UK Young Artists is a registered charity who are dedicated to helping young artists in developing their practice and in pursuing a creative career, something which can feel out of reach at times. They are unique in their approach to working with artists in all art forms and each one is celebrated at their yearly UKYA National Festival.

This is their fourth even on this scale in the Midlands and it's promises to show you the best of the UK's creative talent. The 80 artists selected for this festival submitted their work and with a record high in applications for the festival, there's something which already draws you in to see what this festival and artists are all about. Platforms like this exist in order to show the importance of supporting UK young artists but to also showcase to you the many art forms that can be brought together in one city for a short space of time.

The creative industries contribute significantly to the economy and UK Young Artists recognise the need to encourage and foster this expanding part of the economy by providing young creatives with the support, guidance, performance and presentation opportunities across art forms and practices.
                                                         Michelle Bowen, Director, UK Young Artists 
First up on my list was the Dance Double Bill on the Friday night. Jamal Sterrett is a self taught local dancer from a small area in Nottingham called St Ann's. This area is typically labelled as an area of low pay, a lot of hard work and high crime rates. Little do you know that St Ann's is actually a place of talented individuals at the heart of its community. It's the people he meets from his local community and the stories he is told that inspire his art form, and the emotional rawness of the people that makes his art so real.

Having experienced watching Jamal Sterrett present his work Flexing Forever in urban areas of Derby's City Centre he presents to us the stories of the people in his community and the energy through his body. In the intertwine of theatrical nature of flex dance and storytelling of stop motion the moving body will have you entirely in that moment with him.

His moving body captures your attention in an instant, whether that is when he is floating along a floor or contorting his body in ways you couldn't imagine your body would do itself. Every movement is a string of stories and emotion. Flexing is a style of dance that definitely enables you to think of what's beyond the body in it's physical form.


Next up I watched ZukDance - A Live Concert Choreographed which became to being a performance so unexpected but so incredible at the same time. Accompanying a music band named Tucan Morgan were contemporary dancers, breakdancers and acrobats.

I loved how this performance had a lot of layers not only within the structure of their piece with different art forms coming together but the context of the piece as a whole. I felt like there were moments of raw emotion and you started seeing the musical score as the main thread of the performance if not more so than the movers in the space. There was a great relationship between everyone within the space and there was so much happening that you almost didn't know where to look. They are a dance company I would absolutely love to see again and interested to see what other work would be created as part of their concept.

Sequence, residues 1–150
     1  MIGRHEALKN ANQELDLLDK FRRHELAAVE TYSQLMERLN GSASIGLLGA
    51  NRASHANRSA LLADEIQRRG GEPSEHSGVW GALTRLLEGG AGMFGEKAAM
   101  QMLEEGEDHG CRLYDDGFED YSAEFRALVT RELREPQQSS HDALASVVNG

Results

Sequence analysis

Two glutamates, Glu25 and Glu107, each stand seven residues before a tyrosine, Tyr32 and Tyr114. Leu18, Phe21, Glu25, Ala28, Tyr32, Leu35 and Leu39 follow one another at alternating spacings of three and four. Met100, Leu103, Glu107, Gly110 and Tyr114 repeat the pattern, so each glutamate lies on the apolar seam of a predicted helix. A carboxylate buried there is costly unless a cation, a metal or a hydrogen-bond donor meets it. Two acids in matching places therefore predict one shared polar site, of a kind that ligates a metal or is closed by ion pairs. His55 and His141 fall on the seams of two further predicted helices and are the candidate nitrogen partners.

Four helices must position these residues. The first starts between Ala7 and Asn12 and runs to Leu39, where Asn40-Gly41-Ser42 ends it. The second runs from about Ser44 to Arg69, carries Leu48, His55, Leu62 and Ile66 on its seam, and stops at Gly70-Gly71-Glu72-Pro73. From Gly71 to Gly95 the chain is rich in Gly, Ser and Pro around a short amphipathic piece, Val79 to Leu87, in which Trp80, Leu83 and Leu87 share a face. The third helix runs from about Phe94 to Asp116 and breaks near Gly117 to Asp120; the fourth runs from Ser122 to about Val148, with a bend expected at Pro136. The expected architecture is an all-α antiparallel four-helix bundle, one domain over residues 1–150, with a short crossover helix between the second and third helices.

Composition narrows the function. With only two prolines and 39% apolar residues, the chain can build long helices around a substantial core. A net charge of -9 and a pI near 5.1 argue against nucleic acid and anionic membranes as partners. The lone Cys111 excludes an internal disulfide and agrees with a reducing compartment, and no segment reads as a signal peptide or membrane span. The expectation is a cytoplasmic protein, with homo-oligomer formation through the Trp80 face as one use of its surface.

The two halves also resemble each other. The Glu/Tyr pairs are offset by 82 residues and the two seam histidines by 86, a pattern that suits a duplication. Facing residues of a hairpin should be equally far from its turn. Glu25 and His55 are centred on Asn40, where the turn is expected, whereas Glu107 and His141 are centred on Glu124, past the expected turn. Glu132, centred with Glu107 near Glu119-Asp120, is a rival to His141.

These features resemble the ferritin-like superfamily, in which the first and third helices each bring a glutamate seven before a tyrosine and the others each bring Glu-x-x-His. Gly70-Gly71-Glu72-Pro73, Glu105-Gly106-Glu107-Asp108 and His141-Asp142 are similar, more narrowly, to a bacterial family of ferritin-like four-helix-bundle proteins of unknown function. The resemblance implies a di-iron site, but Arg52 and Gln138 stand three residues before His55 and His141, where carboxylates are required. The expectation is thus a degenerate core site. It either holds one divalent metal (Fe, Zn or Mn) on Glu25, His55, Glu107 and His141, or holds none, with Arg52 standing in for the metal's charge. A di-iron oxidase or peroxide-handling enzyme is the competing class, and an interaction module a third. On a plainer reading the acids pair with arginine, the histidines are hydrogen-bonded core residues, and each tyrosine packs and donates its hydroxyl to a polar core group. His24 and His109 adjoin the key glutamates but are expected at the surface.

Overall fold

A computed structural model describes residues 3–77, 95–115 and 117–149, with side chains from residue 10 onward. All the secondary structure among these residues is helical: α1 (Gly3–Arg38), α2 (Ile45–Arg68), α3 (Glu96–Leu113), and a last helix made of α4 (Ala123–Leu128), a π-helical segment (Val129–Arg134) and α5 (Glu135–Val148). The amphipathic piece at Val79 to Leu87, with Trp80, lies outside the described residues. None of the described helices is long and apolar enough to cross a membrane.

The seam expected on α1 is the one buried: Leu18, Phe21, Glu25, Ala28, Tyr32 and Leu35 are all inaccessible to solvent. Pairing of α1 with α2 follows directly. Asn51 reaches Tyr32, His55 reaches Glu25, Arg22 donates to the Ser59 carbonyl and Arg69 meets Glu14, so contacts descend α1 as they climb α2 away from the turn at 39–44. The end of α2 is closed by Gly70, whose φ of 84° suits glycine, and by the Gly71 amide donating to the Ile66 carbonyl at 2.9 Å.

On the Saturday I headed over to the QUAD to watch the UK Young Artists: On Screen films. As somebody who creates content on YouTube and aims to produce monthly videos which are like films this part of the festival was something which did what it should have, it inspired me. All of the films had a different strand within them which made each of them individually pleasing and enjoyable to watch.

Chris Alton's film Under the Shade I Flourish is based on "an unknown rhythm 'n' blues band"* called Trident were briefly managed by the non-UK domiciled billionaire, Michael Ashcroft. Notably he is a controversial figure for "opaque tax practices" and "operating in the dark". This documentary film was in fact portrayed events which were unreal, using only scripts and fictional events to create what we saw. There is a real blur within the fiction and non-fiction which makes it a fun and interesting watch. Chris mentioned that the body of work to create this film was huge, from the scripts, the props, the music lyrics and so on.

Another favourite from the films was Annabel Duggleby's Yarl's Wood. The film is based on a personal investigation of the Yarl's Wood Immigration Removal Centre near Bedford, England. The film collaborates landscape and power, and how Law and the regulation of mobility affects physical space. This film was relevant what enhanced what has been so mediated over the past couple of years. The use of undercover camera footage was hard hitting and quite emotional, to think that this is a reality within our country and we're so unaware of it. I really enjoyed the use of voice over to add another layer within this film to help bring it more to life and just as powerful as the images she used to use.

UK Young Artists is a fab charity and I am already to discover some new artists in their festival next year!


thanks for reading,

Disclaimer: I was invited to UKYA National Festival in Derby in return for this post to be published. The views are mine and the photos are sourced from the UKYA website.